21st Century Automotives

Hi readers.  Thanks for coming by for a read.

Jeanne’s ride, a 1991 Oldsmobile 98, tried to go kerplunk.  Her working two jobs and depending on it didn’t keep it from wearing out and the brakes going soft around the time I began borrowing it for physical therapy three times a week.

Well, I’m nothing if not confident when it comes to replacing master cylinders on vintage vehicles.  Hell I’ve done it over Christmas [you might recall] on an aging RV in the parking lot of an AutoZone in Big Spring, Texas while enjoying heart attacks on the side].  [ A merry little dumpster diving year-end adventure]

So I assured her I could replace that master cylinder in a New York minute.  Instead, what happened in a New York minute is the discovery I’ve got nothing in me if it’s strength or endurance you’re measuring.  So not far into the job she called her son, Michael, and I kibitzed while he changed it out.

Which is why I didn’t be the one to twist off the left front bleeder valve inside the wossname, como se llama caliper.  I was the one who did the talking at the parts houses trying to get a non-Chinese steel easy-out, buying one out of hunger that deformed and didn’t break, but also didn’t back out that bleeder valve.

So Jeanne took the Olds to the Firestorm store and got an estimate to fix it.  But they told her all manner of things else needed fixing amounting to 2000 3000 smackers.

So she went to the credit union and borrowed money hopefully enough to buy a car, an old one, but good, or better than the Olds.  Decided on a Subaru Forester or Toyota RVsomething, or Honda CRV with 150k miles or thereabouts.  Needs something high enough off the ground to go on unpaved roads sometimes.

A couple of Sikhs, offspring of Punjabi parents who migrated here in the what? 80s maybe, had one listed on Craigslist.  2002 Subaru Forester with 165000 miles that looked good and fit inside her budget with a little hammering.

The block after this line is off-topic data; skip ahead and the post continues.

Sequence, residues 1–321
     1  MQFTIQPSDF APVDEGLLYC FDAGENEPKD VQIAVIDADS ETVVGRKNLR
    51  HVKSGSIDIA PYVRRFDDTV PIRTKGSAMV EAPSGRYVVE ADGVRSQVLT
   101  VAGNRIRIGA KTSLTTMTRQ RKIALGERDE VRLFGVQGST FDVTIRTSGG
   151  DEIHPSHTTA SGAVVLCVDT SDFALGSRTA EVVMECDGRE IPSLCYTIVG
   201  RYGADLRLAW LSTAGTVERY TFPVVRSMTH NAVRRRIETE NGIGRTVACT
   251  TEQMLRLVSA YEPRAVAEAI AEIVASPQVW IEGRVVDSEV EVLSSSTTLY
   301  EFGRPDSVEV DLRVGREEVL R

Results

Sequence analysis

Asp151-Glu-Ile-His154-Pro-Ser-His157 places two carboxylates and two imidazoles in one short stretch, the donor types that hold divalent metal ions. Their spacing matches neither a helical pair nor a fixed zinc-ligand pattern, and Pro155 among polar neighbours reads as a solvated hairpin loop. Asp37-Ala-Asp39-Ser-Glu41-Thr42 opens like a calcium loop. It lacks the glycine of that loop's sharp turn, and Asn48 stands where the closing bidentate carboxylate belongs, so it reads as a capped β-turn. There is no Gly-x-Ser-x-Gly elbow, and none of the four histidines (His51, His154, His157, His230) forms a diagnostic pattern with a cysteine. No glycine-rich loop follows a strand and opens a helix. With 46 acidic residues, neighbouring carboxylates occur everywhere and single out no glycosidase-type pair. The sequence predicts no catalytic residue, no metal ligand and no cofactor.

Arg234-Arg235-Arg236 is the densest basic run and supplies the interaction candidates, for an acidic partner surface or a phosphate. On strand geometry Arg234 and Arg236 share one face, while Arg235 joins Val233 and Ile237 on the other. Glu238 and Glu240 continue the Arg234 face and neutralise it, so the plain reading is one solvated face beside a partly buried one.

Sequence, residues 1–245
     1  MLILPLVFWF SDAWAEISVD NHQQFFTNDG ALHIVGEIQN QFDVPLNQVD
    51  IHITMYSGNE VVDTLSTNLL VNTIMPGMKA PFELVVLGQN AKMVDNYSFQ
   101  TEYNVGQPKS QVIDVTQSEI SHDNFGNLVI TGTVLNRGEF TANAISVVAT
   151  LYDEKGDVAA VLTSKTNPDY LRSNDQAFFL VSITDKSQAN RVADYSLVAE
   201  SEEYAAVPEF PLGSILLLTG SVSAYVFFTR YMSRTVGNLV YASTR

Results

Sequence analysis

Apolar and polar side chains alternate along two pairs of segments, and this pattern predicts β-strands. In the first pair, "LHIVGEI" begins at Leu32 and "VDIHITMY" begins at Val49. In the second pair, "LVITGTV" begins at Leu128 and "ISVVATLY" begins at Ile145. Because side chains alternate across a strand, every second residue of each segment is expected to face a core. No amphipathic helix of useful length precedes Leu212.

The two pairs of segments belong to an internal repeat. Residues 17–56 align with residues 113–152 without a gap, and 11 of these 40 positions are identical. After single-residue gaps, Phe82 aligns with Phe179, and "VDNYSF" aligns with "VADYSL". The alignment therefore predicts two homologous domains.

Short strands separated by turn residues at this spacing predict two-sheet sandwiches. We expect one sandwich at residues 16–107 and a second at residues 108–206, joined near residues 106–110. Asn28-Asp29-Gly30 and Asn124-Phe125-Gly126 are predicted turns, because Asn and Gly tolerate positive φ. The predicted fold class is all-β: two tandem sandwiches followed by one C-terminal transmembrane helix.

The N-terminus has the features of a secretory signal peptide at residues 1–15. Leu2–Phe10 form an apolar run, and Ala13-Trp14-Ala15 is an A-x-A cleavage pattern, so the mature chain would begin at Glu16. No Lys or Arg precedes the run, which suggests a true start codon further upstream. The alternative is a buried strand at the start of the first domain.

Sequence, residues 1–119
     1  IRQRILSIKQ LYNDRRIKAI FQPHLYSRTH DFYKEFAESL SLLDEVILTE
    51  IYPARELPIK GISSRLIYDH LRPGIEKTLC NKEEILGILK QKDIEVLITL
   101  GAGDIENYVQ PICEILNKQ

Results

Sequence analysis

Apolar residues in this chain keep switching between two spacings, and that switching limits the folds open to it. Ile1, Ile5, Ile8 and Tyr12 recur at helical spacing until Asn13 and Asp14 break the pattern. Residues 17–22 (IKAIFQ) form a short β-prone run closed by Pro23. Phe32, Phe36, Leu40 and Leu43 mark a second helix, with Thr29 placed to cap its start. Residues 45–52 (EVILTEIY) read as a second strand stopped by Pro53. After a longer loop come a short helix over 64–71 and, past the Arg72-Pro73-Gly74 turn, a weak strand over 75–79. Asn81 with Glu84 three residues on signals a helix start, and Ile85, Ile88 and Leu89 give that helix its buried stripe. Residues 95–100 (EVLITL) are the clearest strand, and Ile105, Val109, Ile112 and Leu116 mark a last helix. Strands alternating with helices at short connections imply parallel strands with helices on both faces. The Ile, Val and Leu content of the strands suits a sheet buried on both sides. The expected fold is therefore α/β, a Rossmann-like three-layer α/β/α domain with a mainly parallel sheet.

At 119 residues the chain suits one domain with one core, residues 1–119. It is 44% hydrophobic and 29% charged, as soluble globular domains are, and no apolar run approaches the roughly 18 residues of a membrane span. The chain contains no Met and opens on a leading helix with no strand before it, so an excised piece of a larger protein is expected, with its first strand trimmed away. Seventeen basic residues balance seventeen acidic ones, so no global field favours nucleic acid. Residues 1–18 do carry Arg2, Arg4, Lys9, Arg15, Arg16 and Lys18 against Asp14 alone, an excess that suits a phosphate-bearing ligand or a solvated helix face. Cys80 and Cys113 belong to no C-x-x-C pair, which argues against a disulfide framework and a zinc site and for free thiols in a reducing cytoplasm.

Looked great.  So she had them hold it with $200 until she could have a mechanic go over it for another $100.  Mechanic says, “Subaru’s a great vehicle, but not this one.  You don’t want this one unless you want to spend $3000 trying to get it fixed.”

Hot damn.  They kept $100 of the earnest money, those Punjabi bastards, but agreed to pay for the mechanic examination.

No pain, no gain.  She told her boys to fix the damned brakes, replace the caliper on the Olds, that it didn’t look so bad after all.  What’s a bad radiator, electrical problems, rearview mirrors that flap in the wind and power windows going to hell among friends?

Maybe I could sell her the old 1978 Ford Econoline RV that has a new master cylinder and most of the damage of blown tires hidden out of sight underneath the truck.  Except I’m going to have to live in that again one day if I live so long.

Old Jules

4 responses to “21st Century Automotives

  1. A man does what a man has to do — keep the faith.

  2. Better the old beater you own and could eventually fix than another one you probably couldn’t fix.

    • Hi Ed and good seeing you. I couldn’t agree more. Even the newer ones of the ’91 Oldsmobile ilk are chicken noodle soup under the hood, magically avoiding having driveshafts and rearends, trying to pretend they’re futuristic for their 1980s parents and 1970s grandparents. Gracias, J

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